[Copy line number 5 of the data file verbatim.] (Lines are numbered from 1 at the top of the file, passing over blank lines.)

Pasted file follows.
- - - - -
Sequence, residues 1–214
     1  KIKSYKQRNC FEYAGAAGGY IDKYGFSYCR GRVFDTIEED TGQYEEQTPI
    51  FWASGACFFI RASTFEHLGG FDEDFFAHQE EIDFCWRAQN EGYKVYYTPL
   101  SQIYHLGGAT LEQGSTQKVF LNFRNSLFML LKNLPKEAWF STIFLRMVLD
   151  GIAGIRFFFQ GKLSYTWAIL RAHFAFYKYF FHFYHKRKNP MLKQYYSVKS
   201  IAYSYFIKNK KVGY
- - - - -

   151  GIAGIRFFFQ GKLSYTWAIL RAHFAFYKYF FHFYHKRKNP MLKQYYSVKS